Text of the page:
In Utopia, I believe competition among similar businesses would be healthy and fair. However, in the real world, the Darwinian principle of survival of the fittest applies. We find that some wonderful businesses, with unique and sometimes well-established brands, end up in shambles because their owners did not take the right steps at the right time to protect those brands. So, the proverbial cheats prospered, right? Not really. Everything boils down to what someone rightly said “If you don’t know your rights, you have no rights.”

How would an ever-busy businessman keep track of the impostors? Well, he has to. After all it is the brand that identifies him and his business. For instance, when you come across the term, iPhone®, you think of Steve Jobs and Apple Inc. And with the brand comes the consumer’s faith in the products of that business. All in all, the brand is central to the business and thus, must be protected. Even so, it is easier said than done to protect a brand from impostors and the ultimate truth is that every brand has its fair share of impostors. So does the law contemplate such situations? Absolutely.

In this article, we elaborate on some of the remedies that could be used to put a stop to the unauthorised use of your brand.

Few tricks that should always be up one’s sleeve

Let him know that you are aware of his existence: Most impostors are not big-timers, at least not initially. They start out small and slowly gain the confidence to expand their *business* using your brand. In such a case, give him a call or drop him an email or better yet, send him a cease and desist letter (commonly called C&D notice), essentially letting him know that you are aware of him and his unauthorised use of your mark and asking him to stop using it immediately unless he wants to be sued.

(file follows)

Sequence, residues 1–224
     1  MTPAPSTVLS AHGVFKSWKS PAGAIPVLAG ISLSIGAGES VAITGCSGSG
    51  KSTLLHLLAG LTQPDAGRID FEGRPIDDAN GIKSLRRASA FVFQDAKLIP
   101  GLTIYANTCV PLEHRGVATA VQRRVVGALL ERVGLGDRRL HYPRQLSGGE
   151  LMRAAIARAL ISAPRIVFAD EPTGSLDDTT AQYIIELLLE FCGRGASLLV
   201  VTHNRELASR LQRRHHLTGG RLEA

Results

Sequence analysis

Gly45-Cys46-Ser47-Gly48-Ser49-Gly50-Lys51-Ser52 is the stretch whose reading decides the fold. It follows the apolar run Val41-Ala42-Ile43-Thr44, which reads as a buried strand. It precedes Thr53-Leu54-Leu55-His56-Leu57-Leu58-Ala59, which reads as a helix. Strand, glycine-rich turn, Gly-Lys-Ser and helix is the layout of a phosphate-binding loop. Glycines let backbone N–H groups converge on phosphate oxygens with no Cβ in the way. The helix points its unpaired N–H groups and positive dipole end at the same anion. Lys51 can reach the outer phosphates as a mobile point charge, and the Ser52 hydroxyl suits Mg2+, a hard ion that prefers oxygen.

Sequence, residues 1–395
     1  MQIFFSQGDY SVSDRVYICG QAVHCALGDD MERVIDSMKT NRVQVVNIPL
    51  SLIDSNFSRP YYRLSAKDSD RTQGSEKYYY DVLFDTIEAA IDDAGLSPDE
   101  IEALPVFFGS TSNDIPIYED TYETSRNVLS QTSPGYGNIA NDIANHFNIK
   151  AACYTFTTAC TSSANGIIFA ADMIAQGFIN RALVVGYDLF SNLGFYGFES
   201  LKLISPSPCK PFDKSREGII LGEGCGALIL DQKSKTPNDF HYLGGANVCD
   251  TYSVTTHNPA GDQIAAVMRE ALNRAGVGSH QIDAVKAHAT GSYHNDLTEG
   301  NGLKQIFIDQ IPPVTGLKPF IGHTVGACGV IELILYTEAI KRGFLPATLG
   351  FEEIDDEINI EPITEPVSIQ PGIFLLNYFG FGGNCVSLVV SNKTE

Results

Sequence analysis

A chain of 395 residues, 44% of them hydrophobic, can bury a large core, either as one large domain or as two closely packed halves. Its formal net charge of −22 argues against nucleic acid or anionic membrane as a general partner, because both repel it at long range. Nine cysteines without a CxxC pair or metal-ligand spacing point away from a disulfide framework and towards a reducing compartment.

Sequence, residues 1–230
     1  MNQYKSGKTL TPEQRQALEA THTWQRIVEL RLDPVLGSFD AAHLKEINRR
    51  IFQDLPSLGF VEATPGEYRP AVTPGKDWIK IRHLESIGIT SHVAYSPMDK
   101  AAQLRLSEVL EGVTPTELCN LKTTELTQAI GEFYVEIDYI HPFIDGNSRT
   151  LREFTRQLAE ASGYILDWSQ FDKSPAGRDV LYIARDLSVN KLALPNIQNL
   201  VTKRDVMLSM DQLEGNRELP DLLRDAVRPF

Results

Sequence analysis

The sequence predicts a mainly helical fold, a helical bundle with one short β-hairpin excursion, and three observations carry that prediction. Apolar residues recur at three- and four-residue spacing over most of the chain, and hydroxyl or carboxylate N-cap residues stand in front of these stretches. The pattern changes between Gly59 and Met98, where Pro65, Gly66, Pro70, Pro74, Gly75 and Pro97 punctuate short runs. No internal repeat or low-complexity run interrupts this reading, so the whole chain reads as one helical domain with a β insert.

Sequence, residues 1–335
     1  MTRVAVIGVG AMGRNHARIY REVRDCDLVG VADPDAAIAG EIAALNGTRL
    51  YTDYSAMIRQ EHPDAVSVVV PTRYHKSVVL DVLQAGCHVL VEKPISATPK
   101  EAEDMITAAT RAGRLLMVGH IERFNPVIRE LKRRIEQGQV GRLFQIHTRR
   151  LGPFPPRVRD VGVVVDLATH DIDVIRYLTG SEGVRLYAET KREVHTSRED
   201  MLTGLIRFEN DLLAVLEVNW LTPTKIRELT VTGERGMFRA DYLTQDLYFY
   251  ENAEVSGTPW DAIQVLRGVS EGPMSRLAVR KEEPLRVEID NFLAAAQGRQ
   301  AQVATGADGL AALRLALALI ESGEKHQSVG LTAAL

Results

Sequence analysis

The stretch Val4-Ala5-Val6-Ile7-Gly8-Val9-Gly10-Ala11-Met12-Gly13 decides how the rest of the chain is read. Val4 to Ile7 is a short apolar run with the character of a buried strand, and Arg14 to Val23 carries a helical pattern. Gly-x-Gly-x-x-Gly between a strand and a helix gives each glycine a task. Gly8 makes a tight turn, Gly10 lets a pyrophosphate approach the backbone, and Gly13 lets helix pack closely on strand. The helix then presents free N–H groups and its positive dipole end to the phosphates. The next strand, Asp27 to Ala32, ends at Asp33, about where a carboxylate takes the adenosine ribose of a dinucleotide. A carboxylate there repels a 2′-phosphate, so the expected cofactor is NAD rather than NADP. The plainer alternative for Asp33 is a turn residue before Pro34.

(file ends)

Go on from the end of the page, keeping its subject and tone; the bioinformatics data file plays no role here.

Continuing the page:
This approach takes care of the newbie impostors but not the ones who have been in the game for a while. However, it is best to use this as the first approach since it becomes much easier to prove in the court of law that you were willing to be nice at first. Also, this approach needs to be kept stern, short and sweet otherwise he would only be taking you for granted.

Negotiate with him: This is your brand and you own it. So why negotiate with the impostor? Because maybe the impostor did not *mean* to harm your brand (Come on, who are we kidding? We know he is using your brand because he could use the reputation that comes with it. But this is why-jump-the-gun approach.) This approach typically follows the earlier approach but sometimes this is the first approach. The decision as to which approach you need to take would depend on facts surrounding the case.

There have been cases where the original owner of the brand failed to obtain a certificate of ownership for his brand from the relevant Government authority (In India, we obtain this certificate in the form of registration from the Trade Marks Registry) and the impostors beat him to it. If this is your case, you may, by negotiating with the impostor, tell him that you want him to legally assign you the ownership of the brand.  There are some smart impostors who try to get some squeeze in this bargain but being the real owner of the mark, you could tell him that his incentive is that he will not be sued for wrongful use and registration of your brand.

Go in for the kill: The impostor refuses to pay heed to your earlier kindness especially when you need not have been good to him at all? Then it is time to tell him that you were serious with your intention to sue him.

In India, as an “aggrieved person” whose brand has been used without consent, you can a) request the Trade Marks Registry to declare that the registration of the impostor is invalid or b) contest the use of the impostor’s brand.

As always with law, there is a caveat. The law expects you to be aware of your rights and act accordingly (yes, the law helps those who help themselves.) The caveat is that having been aware of the impostor for a reasonable period of time, you chose not to take any action to prevent him from using your brand. You cannot therefore blame him later. In fact, the law presumes that you consented to his use of your brand. However, if you could prove that the impostor obtained registration of the brand in bad faith, the caveat may not apply and you could have a case.

The remedies mentioned above are certainly not exhaustive but this is definitely a starting point. At the end of the day, we all make mistakes, get lost in everyday activities and ignore the obvious. But now that we know what we are up against, is not prevention better than cure?

This article has been authored by Navarre Roy, an IP Law practitioner.